We get it: You love Dan Brown. So do we. And so does the rest of the world! The Da Vinci Code author has sold more than 200 million novels globally and has caused renowned film directors to drool over his material.
But believe it or not, there are other masters of action-packed suspense out there who are just as addicting. Rather than wade through a bunch of codswallop, we’ve done the dirty work for you. Herewith, 15 authors like Dan Brown.
The Rome Prophecy
This Davinci Code-esque novel from Sam Christer will have readers turning each page with anticipation. The Rome Prophecy opens with the arrest of a bloodsoaked young woman wandering the streets of Rome. When she is apprehended, she claims to be a prophet who is searching for a relic inside the city. Her arrest catches the attention of an ex-priest named Tom Shaman who decides to look deeper into the matter. With the help of a daring policewoman, Tom discovers that this woman’s prophetic visions are actually starting to come true. Believing that there is something more to this woman than meets the eye, and that the government and church are in on the conspiracy, the duo vows to unravel every hidden secret in this electrifying thriller.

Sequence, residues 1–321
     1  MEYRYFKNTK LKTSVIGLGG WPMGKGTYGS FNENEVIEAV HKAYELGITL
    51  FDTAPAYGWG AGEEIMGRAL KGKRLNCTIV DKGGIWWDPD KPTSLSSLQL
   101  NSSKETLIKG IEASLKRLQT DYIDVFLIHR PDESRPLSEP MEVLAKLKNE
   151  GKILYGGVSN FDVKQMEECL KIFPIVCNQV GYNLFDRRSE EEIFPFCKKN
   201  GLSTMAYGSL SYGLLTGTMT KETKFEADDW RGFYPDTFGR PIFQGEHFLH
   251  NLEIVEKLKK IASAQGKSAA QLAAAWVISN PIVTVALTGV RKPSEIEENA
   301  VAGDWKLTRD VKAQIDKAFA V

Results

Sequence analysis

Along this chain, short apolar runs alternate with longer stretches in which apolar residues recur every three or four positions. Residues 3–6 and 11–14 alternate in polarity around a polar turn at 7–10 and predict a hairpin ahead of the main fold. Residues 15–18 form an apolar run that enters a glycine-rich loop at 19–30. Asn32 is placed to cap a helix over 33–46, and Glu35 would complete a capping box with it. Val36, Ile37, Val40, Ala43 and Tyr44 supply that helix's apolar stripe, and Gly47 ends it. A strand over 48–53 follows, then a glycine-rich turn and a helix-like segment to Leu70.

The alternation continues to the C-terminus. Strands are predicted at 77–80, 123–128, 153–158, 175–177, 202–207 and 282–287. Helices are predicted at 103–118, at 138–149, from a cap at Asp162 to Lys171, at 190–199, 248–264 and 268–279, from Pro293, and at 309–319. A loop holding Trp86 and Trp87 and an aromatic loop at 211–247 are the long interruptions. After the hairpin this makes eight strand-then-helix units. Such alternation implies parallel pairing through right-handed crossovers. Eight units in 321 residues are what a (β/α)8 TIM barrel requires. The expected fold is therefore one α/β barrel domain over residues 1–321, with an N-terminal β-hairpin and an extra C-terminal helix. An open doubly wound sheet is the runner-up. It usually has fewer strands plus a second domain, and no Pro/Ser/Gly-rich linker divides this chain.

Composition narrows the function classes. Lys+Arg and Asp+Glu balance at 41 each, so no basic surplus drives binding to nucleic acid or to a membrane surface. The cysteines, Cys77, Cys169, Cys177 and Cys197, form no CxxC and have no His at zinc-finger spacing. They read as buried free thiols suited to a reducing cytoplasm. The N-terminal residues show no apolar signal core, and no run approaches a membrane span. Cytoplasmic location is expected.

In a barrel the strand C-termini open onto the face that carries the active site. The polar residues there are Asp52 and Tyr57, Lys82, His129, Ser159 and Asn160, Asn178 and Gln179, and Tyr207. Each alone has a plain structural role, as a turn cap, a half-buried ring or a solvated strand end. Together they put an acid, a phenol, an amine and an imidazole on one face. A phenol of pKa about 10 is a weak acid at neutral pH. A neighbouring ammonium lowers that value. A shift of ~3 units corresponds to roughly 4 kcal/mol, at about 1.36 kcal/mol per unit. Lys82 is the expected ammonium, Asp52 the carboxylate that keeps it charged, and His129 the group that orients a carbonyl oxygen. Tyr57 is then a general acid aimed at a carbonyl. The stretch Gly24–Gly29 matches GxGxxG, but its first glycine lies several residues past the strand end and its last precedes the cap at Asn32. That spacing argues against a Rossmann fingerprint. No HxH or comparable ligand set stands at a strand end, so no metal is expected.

The Kremlin Conspiracy
Brian Freemantle tackles economic and government conspiracies in this engrossing read. Taking place during the Cold War, The Kremlin Conspiracy focuses on the Soviet Union’s attempt to dismantle the Western economy. When democratic nations begin to rack up trillions of dollars in debt, brilliant economist Tom Pike devises a plan with other countries to ward off this dire situation and avoid worldwide economic collapse. At the same time, he begins to dig into the question of why this complex issue sprouted in the first place. When he discovers that the whole conundrum was orchestrated by high-ranking members of the Soviet Union, Tom is forced to not only save the global economy, but expose the culprits behind the conspiracy.
Foretold by Thunder
Espionage, conspiracy, and action await readers in this thrilling novel by E.M. Davey. The story follows Jake Wolsey, a journalist who comes across a top secret file concerning Winston Churchill's interest in the ancient Etruscan civilization. What makes this file even more suspicious is that anyone who has ever come in contact with it has met an untimely demise. When Wolsey teams up with an archaeologist named Florence Chung to look into the case, they are followed across Europe and Africa by M16 officers who wish to put an end to their investigation. As the duo digs deeper into the case, they begin to suspect that the rise and fall of empires might not be a coincidence, and the phenomenon just might be linked to the Etruscans.